Balanced and Organized for Healthy Living

This article is written by guest blogger Paula DeCuir; founder and CEO of Balanced and Organized. Paula is a CPA by trade with over 30 years of experience in accounting and finance.  She began organizing before she knew that it was considered a skill, but it certainly came in handy when her family moved more than 20 times during their 32-year military career. In her work with clients, Paula noticed a direct correlation between the amount of "stuff" and the amount of debt that people accumulated, and the physical and emotional effects that go along with that.  She now helps people get organized, get debt-free and get healthy and has most recently accepted a position with Weight Watchers. You can reach her via email at


 This is the time of year when, after the frenzy of the holidays has died down, people begin thinking about changes they’d like to make in the new year.   Improvements in health, finances and organization rank as the top resolutions almost every year, and interestingly, they are all closely tied together.  Our daily choices in each area are key to being successful.  Also, very strong emotions are involved in making lasting changes and the stress we feel when any of these are out of balance can affect every other area of our lives.

     The real value of taking care of our health is, simply, to feel good - strong, flexible, energized, able to meet day-to-day challenges, and to continue to experience wellness as we age.  If that were not the case, we wouldn’t spend hours on the elliptical and doing endless squats!  And we know that our choices each day play a huge role in accomplishing the goal of good health:  exercising regularly, getting enough sleep, and eating more fruits and vegetables.              

     Healthy financial habits are no different from the healthy habits we make each day for our physical health – they lead to an overall healthier and happier life, because good money practices are an act of self-care.  The real value of money is its capacity to enable us to feel good. It has no actual value except what we ascribe to it, only what it can do for us – the things and experiences it allows us to acquire -  because most of the value of any purchase is not monetary, it’s the feelings that we associate with the transaction.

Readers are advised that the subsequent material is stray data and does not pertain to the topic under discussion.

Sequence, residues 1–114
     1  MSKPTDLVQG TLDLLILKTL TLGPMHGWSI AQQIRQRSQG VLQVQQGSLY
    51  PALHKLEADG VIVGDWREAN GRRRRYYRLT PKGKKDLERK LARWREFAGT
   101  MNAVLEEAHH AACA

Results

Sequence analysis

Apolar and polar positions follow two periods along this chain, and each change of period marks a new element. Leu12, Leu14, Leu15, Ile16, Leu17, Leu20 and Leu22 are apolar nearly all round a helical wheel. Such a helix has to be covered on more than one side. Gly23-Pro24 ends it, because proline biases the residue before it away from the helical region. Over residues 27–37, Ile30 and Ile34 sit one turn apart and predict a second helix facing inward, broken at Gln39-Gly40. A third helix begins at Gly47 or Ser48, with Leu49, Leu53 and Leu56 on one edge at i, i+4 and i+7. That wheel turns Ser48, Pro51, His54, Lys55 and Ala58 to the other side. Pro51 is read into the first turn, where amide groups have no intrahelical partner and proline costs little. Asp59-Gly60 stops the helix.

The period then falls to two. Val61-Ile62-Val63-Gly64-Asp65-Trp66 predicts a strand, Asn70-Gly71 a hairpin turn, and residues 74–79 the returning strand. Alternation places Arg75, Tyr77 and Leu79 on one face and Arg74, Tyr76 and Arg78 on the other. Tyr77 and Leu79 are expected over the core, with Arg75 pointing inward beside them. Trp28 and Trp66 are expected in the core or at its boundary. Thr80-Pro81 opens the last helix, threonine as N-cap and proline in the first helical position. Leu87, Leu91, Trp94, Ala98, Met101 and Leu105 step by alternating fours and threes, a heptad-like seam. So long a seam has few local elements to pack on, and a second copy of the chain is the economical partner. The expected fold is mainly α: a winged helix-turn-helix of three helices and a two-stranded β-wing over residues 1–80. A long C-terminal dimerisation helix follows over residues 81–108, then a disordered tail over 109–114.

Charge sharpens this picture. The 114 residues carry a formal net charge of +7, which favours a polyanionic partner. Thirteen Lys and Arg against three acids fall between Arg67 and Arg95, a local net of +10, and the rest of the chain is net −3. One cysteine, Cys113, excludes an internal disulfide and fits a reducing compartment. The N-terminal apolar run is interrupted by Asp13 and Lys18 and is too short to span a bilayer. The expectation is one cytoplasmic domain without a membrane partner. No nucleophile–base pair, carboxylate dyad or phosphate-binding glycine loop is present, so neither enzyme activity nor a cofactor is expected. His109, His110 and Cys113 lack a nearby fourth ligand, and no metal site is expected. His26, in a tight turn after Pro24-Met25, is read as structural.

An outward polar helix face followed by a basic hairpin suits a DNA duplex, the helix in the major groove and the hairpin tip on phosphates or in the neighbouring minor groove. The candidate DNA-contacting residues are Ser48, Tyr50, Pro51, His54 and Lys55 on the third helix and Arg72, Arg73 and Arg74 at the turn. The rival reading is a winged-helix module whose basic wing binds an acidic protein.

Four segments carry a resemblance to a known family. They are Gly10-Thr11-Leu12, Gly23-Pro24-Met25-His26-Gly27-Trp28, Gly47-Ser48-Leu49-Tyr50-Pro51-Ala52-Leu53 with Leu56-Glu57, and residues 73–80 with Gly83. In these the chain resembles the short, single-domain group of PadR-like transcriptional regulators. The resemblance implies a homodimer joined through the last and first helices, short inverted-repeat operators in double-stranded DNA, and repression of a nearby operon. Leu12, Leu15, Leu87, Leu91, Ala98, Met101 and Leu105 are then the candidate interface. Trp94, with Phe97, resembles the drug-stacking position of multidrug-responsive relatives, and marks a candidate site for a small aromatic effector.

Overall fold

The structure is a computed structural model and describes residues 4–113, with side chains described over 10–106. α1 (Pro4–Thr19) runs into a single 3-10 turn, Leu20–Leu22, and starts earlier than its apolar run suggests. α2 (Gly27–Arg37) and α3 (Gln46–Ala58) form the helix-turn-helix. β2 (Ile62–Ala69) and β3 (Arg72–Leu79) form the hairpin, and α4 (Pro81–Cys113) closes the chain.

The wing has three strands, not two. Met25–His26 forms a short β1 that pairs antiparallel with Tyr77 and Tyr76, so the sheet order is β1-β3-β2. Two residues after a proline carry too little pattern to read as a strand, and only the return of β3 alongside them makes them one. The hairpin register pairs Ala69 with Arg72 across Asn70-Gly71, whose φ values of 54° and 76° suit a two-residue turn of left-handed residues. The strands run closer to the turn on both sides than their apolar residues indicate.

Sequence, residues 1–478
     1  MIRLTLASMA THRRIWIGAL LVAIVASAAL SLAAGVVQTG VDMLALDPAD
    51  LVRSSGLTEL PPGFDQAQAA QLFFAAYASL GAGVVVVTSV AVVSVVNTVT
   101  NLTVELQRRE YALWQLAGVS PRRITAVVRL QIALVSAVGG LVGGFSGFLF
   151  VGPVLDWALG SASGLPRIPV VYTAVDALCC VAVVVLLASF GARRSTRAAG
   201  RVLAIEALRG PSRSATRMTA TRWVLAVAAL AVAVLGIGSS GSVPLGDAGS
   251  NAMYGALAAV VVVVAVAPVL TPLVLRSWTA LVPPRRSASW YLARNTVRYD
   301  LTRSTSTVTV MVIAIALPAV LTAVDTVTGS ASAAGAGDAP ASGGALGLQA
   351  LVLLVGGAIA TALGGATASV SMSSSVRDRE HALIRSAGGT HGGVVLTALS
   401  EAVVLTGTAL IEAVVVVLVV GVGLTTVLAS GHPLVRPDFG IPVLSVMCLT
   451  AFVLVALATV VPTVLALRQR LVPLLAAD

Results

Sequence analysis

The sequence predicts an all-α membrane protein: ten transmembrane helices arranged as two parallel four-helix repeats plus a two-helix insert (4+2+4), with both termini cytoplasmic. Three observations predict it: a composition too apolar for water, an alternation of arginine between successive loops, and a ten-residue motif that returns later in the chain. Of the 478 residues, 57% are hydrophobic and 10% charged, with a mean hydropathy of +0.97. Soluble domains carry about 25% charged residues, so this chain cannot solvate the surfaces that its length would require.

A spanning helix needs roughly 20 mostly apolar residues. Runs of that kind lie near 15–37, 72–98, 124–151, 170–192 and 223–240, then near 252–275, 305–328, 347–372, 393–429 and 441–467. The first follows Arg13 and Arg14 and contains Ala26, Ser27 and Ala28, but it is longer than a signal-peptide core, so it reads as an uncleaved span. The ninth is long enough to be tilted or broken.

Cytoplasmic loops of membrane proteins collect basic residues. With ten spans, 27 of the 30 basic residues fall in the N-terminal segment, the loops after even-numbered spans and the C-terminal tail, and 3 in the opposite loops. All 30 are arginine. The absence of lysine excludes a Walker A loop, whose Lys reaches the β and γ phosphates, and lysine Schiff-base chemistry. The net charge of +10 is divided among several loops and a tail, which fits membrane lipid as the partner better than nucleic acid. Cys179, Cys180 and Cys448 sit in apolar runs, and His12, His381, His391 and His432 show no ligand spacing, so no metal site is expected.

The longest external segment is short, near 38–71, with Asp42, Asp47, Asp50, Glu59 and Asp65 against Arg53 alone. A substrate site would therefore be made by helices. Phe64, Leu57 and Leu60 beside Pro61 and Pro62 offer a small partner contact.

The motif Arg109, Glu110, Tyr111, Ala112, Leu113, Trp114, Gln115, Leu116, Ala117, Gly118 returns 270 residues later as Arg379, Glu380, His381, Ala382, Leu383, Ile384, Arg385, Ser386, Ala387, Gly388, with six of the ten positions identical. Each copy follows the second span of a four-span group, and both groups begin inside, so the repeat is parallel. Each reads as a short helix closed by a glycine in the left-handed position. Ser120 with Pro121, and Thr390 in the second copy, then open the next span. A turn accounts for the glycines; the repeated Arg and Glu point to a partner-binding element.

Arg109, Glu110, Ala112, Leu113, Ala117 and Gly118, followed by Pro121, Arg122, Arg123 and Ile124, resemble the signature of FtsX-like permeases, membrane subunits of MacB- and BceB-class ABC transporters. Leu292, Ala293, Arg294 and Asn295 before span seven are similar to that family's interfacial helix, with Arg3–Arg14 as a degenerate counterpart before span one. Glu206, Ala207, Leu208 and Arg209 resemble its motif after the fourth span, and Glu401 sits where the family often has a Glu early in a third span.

When people have acquired the basic necessities of shelter, food, and clothing there is a feeling of safety and security.  Once these basic needs are met, bigger and more expensive shelters (homes), more expensive food and more expensive clothing are just a way to continue to feel those positive feelings.   We can then easily fall into the trap of thinking that “more” will make us feel good all the time. But wanting more necessitates earning more (or incurring more debt), which makes us more stressed so we turn to acquiring more to make us feel better.  This puts us on a treadmill (and not the good kind) where we’re constantly trying to find that good feeling but instead dealing with enormous stress, which affects our overall health.

   Financial fitness begins with realizing that we all have choices in how we spend our money – Porsche vs Kia, steak vs hamburger, Starbucks vs 7-11.  We each can define our own “needs vs wants” that fit our lifestyle, but the key is to make those decisions based on the things that we value most in our lives so that our money is working for us in ways that bring satisfaction and happiness.  

     Acquiring “more” affects us in other ways, too.  Clutter in our homes and offices can affect our mood and energy level causing stress, fatigue and even depression – who wants to exercise or prepare healthy meals when staring at mounds of papers, clothes and dirty dishes? 

     Being organized isn’t some unattainable idea of perfection. Actually, just like with physical and financial fitness, each person defines what “organized” means to them.  A messy desk is not necessarily a sign of disorganization – some people work best when their work is laid out in front of them.  Disorganization becomes a problem when the stress of too much clutter affects your daily life and prevents you from pursuing other goals.

     Trying to organize the whole house in one day would be overwhelming, just as trying to lose 50 pounds by Spring or run a marathon next week.  In organizing, simple steps are best.  Make the bed first thing in the morning.  It can set the mood for the rest of the day.  Take 15 minutes to organize one kitchen junk drawer.  Set a timer for 30 minutes to pay bills and organize paperwork (when the timer goes off, keep going if you’re on a roll!).  Make an “appointment” with yourself for exercise and keep workout gear in plain sight.

     Our daily choices in one area of our lives almost always have an impact on other areas.  Making those choices mindfully and in alignment with our values increases our sense of well-being.  With a change in mindset, ‘feelings of deprivation’ (whether in time, money or food) become ‘consciously making a choice’ for a better life.